In response to a "1" the microprocessor changes the state or the shield, i.e. if the shield were previously activated it is now deactivated and vice versa. If the shield is activated the microprocessor 134 outputs a signal to the driver circuit I44 for powering the bulb there by providing a visual indication to the players that the shield for the vehicle 116 has been activated.
Simultaneously, the microprocessor activates a counter to record the time duration during which the shield remains activated. In this regard, and as is true of all the commands given by the controller 12, the shield will remain activated until the tank 16 receives a different command coded with the proper vehicle ID code from the controller 12 or until the shield expires in a manner more fully explained below.
As will also be more fully described below, as long as the shield for the vehicle 16 remains activated, the vehicle will not suffer damage from an enemy "hit". However, the shield will only remain activated for a predetermined time and, during this time, the vehicle 16 cannot fire. In the example shown in FIG. 5, the data bit for the shield is "0", so the microprocessor 134 will leave the shield as it is.
If the fire command data bit is a "1", the microprocessor 134 provides an output signal to the emitter drive circuit 146 and also to the drive circuit 148. As shown, the emitter drive circuit 146 powers the infrared LED 112 at the distal end of the gun barrel 102 with the intent of striking the sensor panel 116 on an enemy tank for inflicting damage thereto.
Simultaneously, the driver circuit 148 lights the bulb 114 behind the infrared LED 112 for providing a visual indication that the tank is firing. Actually, the driver circuit 148 pulses the LED 112 and each microprocessor 134 is programmed to record a hit only if its respective sensor panel receives a pulsed infrared beam. This avoids false "hits" from ambient infrared sources.
At appropriate times, the microprocessor 132 provides output signals to a sound amplifying circuit 150 which drives the speaker 123 to simulate battle sounds. For example, each time the vehicle 16 is hit by enemy fire impacting its sensor 116, the speaker 123 generates a sound simulating an enemy shell striking metal.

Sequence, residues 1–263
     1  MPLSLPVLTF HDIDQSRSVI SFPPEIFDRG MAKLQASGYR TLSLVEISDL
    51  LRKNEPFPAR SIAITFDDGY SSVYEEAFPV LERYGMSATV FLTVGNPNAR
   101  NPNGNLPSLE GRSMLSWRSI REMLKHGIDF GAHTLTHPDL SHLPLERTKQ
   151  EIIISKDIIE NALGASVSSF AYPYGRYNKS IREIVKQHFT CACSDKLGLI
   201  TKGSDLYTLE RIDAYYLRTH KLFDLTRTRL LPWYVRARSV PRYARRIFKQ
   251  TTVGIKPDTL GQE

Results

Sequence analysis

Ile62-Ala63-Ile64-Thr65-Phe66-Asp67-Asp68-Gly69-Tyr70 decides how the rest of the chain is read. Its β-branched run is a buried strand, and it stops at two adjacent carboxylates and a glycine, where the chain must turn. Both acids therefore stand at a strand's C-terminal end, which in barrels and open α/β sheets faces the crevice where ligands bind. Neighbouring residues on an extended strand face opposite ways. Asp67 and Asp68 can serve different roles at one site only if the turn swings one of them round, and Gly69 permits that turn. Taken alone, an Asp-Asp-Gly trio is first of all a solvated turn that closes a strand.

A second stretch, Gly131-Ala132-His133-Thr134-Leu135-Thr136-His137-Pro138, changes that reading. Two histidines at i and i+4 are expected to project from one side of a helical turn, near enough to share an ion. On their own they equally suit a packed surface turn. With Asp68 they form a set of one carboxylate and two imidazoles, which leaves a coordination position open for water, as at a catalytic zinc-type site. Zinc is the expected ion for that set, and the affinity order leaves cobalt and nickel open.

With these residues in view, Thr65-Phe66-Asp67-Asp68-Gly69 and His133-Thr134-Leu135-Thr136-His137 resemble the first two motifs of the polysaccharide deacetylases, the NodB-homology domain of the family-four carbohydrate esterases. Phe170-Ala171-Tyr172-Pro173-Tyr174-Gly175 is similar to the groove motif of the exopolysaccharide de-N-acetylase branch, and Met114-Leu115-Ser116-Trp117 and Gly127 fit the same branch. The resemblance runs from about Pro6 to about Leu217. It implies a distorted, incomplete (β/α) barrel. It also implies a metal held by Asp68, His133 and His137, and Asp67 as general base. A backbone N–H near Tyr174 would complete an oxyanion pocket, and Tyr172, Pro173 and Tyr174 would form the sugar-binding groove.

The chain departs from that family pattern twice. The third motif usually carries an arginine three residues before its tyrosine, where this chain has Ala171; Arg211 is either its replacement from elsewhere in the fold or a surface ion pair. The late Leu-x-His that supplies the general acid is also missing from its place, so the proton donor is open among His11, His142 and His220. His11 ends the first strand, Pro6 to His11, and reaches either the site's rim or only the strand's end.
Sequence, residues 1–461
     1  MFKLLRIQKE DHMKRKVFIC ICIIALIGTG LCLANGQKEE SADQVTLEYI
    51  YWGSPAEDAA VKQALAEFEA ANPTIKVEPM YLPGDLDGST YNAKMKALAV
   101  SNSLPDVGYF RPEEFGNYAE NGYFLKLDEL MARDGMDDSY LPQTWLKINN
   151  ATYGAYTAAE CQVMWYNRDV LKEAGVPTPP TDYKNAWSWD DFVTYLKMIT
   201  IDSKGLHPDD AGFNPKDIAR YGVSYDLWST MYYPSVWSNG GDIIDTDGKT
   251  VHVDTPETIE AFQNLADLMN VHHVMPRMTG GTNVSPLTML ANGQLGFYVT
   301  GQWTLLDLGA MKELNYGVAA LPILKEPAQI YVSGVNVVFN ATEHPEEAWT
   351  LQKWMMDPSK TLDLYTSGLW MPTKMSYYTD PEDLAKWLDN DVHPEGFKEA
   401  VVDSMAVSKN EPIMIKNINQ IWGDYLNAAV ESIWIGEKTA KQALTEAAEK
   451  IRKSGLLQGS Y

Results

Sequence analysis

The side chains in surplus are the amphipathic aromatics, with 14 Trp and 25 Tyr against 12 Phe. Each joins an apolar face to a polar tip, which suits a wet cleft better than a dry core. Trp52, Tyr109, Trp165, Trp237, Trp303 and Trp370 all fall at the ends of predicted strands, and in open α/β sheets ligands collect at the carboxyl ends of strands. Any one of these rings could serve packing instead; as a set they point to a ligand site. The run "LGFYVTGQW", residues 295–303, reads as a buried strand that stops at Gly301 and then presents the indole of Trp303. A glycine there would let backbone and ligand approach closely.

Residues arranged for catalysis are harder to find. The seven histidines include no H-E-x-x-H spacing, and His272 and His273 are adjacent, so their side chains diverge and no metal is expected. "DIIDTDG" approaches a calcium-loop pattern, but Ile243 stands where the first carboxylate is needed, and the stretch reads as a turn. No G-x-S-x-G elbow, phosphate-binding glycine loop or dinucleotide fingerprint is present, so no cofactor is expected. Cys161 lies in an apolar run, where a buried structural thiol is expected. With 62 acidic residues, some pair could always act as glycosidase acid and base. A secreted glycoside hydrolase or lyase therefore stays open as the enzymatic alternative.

As also shown in FIG. 8, the output of the infrared sensor panel 116 is input to the microprocessor 134 via an amplifier circuit 152 and a latch circuit 154. As will be more fully described below, each successsive hit by enemy fire on the sensor panel 116 results in some effect on the operation of the tank 16 in accordance with the program of the microprocessor 134.
In the preferred operation of the vehicle 16, the vehicle 16 suffers increasing damage with the first five hits, and is destroyed on the sixth hit, whereupon all its functions are disabled. Preferably, and as shown in FIG. 7, the number of hits sustained by the vehicle 16 is apparent from the LED's 156 on the top of the turret 104 of the tank 16, the number of lit LED's indicating the number of hits sustained by the vehicle 16.
Referring back to FIG. 8, the LED's 156 are driven by the microprocessor 134 which counts the number of hits sustained by the sensor panel 116 as transmitted via the latch circuit 154 and then lights the LED's 156 accordingly.
FIG. 9 shows a preferred circuit implimentation for the circuits illustrated in block diagram form in FIG. 8. As in the case of FIG. 4, the dotted lines in FIG. 9 delineate the circuit blocks of FIG. 8, again with the caveat that particular circuit components could as easily be included in one circuit block as another.
While the circuit of FIG. 9 is preferred, persons of ordinary skill in the art who have read this description will recognize that various modifications and changes may be made therein.
In FIG. 9, it will be seen that the output from the antenna 126 is input to the superheterodyne receiver 128 comprising a mixer, intermediate frequency amplifiers and a detector. The local oscillator circuit for the receiver 128 is designated at 158. As shown, the local oscillator circuit 158 incorporates two oscillators X1 and X2, each of which oscillates at a different frequency.
The oscillation frequency of the circuit 158 is selected by the position of the switch 124 on the vehicle 16. As shown, the switch 124 is incorporated in the circuit 158.
Assuming the transmission frequency from the controller 12 matches the oscillation frequency selected at the switch 124, the receiver 128 demodulates the incoming data burst from the controller. The data signal is then output from the receiver 128 to a Schmitt trigger circuit 130 which, as noted previously, shapes the data signal and inputs same to the microprocessor 132.
As noted, the microprocessor 132 compares the vehicle ID data bits with the vehicle ID code as selected by the switch 127 and, if there is a match, transmits the data command signals to the microprocessor 134. The circuit designated at 160 generates clock pulses for the microprocessors 132 and 134.
As previously indicated, the microprocessor 134 detects the command signals in the data from the controller 12 and provides appropriate control signals to the motor drive circuits 136 and 138 for controlling movement of the vehicles 16, to the drive circuit 146 for controlling "firing" of the infrared LED 112, to the sound amplification circuit 150 for controlling sounds generated by the speaker 123, to the driver circuit 144 for the bulb 120 for lighting the bulb 120 when the vehicle shield is activated, and to the driver circuit 148 for the bulb 114 for lighting the bulb 114 each time the infrared LED 112 is fired.
As also described above, the microprocessor 134 also receives as an input via the amplifier circuit 152 and latch circuit 154 the output from the infrared sensor panel 116 for counting the number of hits by enemy vehicles and for displaying the number of hits by lighting the appropriate number of LEDs 156.